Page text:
Most BEV owners choose to install Level 2 charging equipment at their residence, because it charges the vehicle up to 10 times faster than Level 1 charging. Charging from a Level 2 source usually means the vehicle will be completely charged overnight, even if you plugged with a nearly empty battery.

Level 2 chargers can deliver up to 80 amps of power. But that requires a 100-amp 208-240V dedicated circuit and a heavy, costly supply line from the breaker box. Most owners will be well served choosing a 40-amp charger that can deliver 9.6 kW to the EV. A 48-amp charger can charge slightly faster at 11.5 kW, but requires a heavier gauge wire and the charger must be hardwired to comply with the NEC code. Therefore, 48-amp chargers can cost significantly more than a 40-amp unit and offer only marginally faster charging.

Level 3 Charging: 400-Volt to 900-Volt (DC Fast Charge & Supercharging)

Connectors Used: Combined Charging System (Combo), CHAdeMO & Tesla
Charging Speed: 5 to 32 Kilometers Per Minute
Locations: Public

Level 3 charging is the fastest type of charging available and can recharge an EV at a rate of 5 to 32 kilometers of range per minute. Unlike Level 1 and Level 2 charging that uses alternating current (AC), Level 3 charging uses direct current (DC). The voltage is also much higher than Level 1 & 2 charging, which is why you don’t see level 3 chargers installed at home. Very few residential locations have the high-voltage supply that is required for level 3 charging.

Additionally, DC Fast Chargers cost tens of thousands of dollars. So even if your residence has 400-volt electricity service, the cost to install the charger would most likely cost more than your EV. Tesla calls their Level 3 chargers Superchargers; others are called DC Fast Chargers. Current Nissan EVs use a third specification, CHAdeMO.


EV Charging Speed on Level 1, 2, 3 Chargers
Charging Level Power Delivery Range Added Per Hour Time to Charge 60 kWh EV
Level 1 1-1.4 kW 4-8 kilometers 30-40 hours
Level 2 3.9-19.2 kW 19-128 kilometers 2.5-4.5 hours
Level 3 24-300 kW 120-19,000 kilometers 30-40 minutes
Time to Charge EV with a 60-kWh battery is the time to raise the battery’s charge level from 10% to 80%

Range-added time for Level 3 chargers is often described in kilometers per minute (not hour) because of the speed . Level 3 charging rates (speeds) can vary considerably by vehicle, depending on the EV’s ability to accept power.

Before you start, here’s a fun fact that will make it easier to find the perfect home charging station to match your new vehicle:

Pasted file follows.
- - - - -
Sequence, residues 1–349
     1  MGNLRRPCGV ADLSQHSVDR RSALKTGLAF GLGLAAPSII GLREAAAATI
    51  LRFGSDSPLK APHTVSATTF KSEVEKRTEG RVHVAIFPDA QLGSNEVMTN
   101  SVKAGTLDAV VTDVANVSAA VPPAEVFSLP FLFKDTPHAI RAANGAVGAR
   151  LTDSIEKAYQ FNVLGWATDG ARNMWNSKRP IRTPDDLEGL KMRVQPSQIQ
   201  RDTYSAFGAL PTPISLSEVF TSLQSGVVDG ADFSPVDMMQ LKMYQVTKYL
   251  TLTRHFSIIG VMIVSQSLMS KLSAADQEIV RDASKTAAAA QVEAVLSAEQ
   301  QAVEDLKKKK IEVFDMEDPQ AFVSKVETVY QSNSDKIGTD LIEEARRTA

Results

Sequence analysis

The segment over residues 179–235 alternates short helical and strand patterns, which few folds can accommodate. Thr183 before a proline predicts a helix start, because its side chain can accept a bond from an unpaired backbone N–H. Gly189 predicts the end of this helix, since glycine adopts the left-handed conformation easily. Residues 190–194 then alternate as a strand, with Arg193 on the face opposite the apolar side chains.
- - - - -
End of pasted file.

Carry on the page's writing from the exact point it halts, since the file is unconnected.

In North America, every electric vehicle (EV) uses the same plug for level 2 charging. The only exception is Tesla cars which come with an adapter.
Otherwise, whether you chose to drive Audi, Chevrolet, Hyundai, Jaguar, Kia, Nissan, Porsche, Toyota, Volvo, and so on, electric cars sold in North America use the same plug—the SAE J1772 plug to be exact—to charge at home with a level 2 charging station.

Connector types

J1772 connector or plug for charging stations and chargers networks for for electric cars and plug-in hybrid vehicles

Connector: Port J1772

Level: 2

Compatibility: 100% of electric cars

Tesla: With adapter

CHAdeMO connector or plug for charging stations and chargers networks for for electric cars and plug-in hybrid vehicles

Connector: CHAdeMO

Level: 3

Compatibility: Check specifications of your EV

Tesla: With adapter

J1772 connector or plug for charging stations and chargers networks for for electric cars and plug-in hybrid vehicles

Connector: SAE Combo CCS

Level: 3

Compatibility: Check specifications of your EV

Tesla: No

Tesla HPWC connector or plug for charging stations and chargers networks for for electric cars and plug-in hybrid vehicles

Connector: Tesla HPWC

Level: 2

Compatibility: Only Tesla

Tesla: Yes

Tesla Supercharger connector or plug for charging stations and chargers networks for for electric cars and plug-in hybrid vehicles

Connector: Tesla supercharger

Level: 3

Compatibility: Only Tesla

Tesla: Yes


Ready to choose the right charging station?

Call us today at Oscan Electrical Supplies, and we will be able to get you started on your path to selecting the correct EV Charging Station for you! In Oshawa at 905-728-3800.

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Fall Electrical Safety Tips

As the calendar makes its way to the end of September, we find ourselves preparing for fall. During this transitional period, when the kids have headed back to school and the weather has begun to cool down, it’s a good time to review fall electrical safety with your customers. When activities move inside, it’s important for them to consider the electrical hazards that become more prevalent as the temperatures begin to plummet.

We’ve put together a list of practical safety tips you can share or both inside and outside the home.

Outdoor Electrical Safety

Electrical Wires – When using your ladder outside, especially for projects on the roof or rain gutter, be mindful of overhead electrical wires.

Battery Chargers – Unplug and store those battery chargers for yard tools that won’t be used until next spring.

Outdoor Devices – Protect outdoor electrical devices from moisture. Cover any exposed electrical outlets and check outdoor electrical cords for damage or a faulty connection.

Leaves/Debris – Keep fallen leaves away from outdoor outlets, power cords and outdoor lighting. Also make sure that tree debris is kept away from the air conditioner condenser.

Cold Weather Tools – Inspect the electrical tools that you will be using for fall yard work. Make sure to check the cords for wear and tear – and either repair damaged equipment or replace it.